During London Design Week 2020, Design Centre Chelsea Harbour is sheltering many of the product launches, teasers and conversations that are expected to make a noise on the design scene this season. Editor Hamish Kilburn identifies some of the prominent styles, colours and trends to look out for…
“We champion creative excellence,” said Becky Metcalfe, Head of Content at Design Centre Chelsea Harbour (DCCH). “And we have certainly seen a move towards inform choices.”
Now that there is more demand among consumers for conscious and meaningful designs to compliment seamless service, hotel designers are widening their lenses to understand the narrative, craft and creative vision of new collections launched.
It is this change in behaviour that is enforcing most, if not all, of the strong styles that I discovered during my time at London Design Week 2020.
1) Botanical paradise on earth
With biophilic design being put front and centre at the moment around the world, conversations and the products that are launching are finding the balance between indoor space and the great outdoors – think exotic gardens where fragrance and sound are depicted in patterns and colours. Sanderson’s floral showroom, which houses hundreds of new designs this week, highlighted the creative possibilities that can emerge when designers open the door to outdoor influence with purpose. Other brands to leverage nature in design include Pierre Frey’s enriched wallcoverings, Abbott & Boyd’s capture of birds and Bec Brittain’s Taxonomy collection seen in the Tai Ping showroom that explores unexpected paradoxes inspired by the minutiae of insect anatomy and pleating techniques.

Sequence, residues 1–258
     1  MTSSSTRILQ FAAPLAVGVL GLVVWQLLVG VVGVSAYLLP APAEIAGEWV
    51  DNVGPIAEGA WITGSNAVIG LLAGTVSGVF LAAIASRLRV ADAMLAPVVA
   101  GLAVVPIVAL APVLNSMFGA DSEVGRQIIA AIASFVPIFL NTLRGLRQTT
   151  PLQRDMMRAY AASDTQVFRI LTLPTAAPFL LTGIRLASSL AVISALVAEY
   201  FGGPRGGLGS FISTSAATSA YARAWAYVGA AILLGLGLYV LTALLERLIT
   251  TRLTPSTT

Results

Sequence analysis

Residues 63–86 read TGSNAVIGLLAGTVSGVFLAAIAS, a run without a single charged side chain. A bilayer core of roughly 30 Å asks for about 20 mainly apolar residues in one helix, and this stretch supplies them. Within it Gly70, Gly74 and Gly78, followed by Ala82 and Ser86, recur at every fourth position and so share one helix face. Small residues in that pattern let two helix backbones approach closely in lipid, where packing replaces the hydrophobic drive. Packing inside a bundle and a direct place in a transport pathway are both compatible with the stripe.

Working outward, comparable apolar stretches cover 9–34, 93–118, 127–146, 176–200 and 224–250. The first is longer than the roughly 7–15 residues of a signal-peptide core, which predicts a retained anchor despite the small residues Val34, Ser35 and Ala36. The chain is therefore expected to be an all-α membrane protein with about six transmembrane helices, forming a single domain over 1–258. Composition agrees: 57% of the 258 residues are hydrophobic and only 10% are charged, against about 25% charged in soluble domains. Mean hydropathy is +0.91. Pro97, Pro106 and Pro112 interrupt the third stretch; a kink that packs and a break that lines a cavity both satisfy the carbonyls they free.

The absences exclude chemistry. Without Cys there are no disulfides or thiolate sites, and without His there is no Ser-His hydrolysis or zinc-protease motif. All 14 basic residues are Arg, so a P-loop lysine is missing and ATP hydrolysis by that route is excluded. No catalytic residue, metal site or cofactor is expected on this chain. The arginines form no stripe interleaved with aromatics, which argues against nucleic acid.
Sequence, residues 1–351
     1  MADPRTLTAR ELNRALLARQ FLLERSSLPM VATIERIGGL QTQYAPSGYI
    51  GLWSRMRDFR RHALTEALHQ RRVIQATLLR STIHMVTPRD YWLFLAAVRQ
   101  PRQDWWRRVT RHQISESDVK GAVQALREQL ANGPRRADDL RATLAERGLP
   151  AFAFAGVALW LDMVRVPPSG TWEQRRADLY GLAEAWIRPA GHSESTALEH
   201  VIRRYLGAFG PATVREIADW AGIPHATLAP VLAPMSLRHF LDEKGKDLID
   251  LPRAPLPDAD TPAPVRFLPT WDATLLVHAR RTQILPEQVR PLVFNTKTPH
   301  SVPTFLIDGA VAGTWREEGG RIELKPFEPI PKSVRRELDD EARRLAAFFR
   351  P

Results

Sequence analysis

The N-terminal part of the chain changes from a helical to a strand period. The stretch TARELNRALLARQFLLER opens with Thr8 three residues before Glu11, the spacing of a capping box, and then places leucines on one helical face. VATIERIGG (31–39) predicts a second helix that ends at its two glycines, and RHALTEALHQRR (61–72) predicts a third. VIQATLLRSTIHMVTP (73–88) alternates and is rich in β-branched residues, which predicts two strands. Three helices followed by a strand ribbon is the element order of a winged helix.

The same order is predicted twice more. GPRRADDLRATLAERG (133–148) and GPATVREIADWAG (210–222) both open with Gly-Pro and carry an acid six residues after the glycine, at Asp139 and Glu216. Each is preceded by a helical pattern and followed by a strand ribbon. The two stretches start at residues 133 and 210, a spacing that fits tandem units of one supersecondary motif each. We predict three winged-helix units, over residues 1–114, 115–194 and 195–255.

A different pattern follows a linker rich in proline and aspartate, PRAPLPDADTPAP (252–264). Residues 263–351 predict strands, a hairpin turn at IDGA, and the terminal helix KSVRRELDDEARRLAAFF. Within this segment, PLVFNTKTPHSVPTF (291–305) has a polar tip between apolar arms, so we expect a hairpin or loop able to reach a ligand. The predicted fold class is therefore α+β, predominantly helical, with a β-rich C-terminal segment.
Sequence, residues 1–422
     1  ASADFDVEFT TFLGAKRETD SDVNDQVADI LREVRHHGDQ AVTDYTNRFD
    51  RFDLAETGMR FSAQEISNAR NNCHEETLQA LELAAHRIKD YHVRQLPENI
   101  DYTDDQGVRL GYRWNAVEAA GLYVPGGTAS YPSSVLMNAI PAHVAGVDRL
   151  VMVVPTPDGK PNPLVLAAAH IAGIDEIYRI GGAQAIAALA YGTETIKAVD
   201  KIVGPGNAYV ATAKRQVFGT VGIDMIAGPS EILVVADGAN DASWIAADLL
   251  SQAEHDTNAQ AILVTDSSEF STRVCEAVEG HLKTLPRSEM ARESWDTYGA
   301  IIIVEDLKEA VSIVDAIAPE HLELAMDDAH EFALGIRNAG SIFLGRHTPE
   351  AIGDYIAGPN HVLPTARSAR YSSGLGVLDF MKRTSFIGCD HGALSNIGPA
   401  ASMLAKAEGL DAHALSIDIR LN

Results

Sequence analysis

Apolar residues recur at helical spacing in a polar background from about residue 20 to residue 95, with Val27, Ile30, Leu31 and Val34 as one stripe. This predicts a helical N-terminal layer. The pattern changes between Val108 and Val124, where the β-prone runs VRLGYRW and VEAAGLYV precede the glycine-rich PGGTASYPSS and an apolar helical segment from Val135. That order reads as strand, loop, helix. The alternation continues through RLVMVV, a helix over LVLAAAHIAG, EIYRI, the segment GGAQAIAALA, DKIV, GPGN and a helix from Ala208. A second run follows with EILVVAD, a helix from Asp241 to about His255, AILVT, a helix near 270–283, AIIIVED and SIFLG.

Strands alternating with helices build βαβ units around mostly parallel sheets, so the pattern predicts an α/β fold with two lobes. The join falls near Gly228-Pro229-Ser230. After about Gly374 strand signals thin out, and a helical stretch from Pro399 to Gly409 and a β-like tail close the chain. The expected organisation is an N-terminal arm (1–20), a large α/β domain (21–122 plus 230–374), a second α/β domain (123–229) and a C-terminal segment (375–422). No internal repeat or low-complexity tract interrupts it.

2) Land of the rising sun – everyone is talking about Japan
Considering the incredible oriental principles – not to mention the in-depth culture, heritage and authentic craftsmanship – it’s hardly surprising that many designers and brands are finding inspiration in Japan. There are parallels between the demand for simple, elegant luxury and the minimalist aesthetics of design in Japan (take a look at Muji to see this in action). Wallcovering brands such as Arte are exploring Japanese techniques and diverse styles, such as the Kimono pattern motif, to create new textured layers to their collections.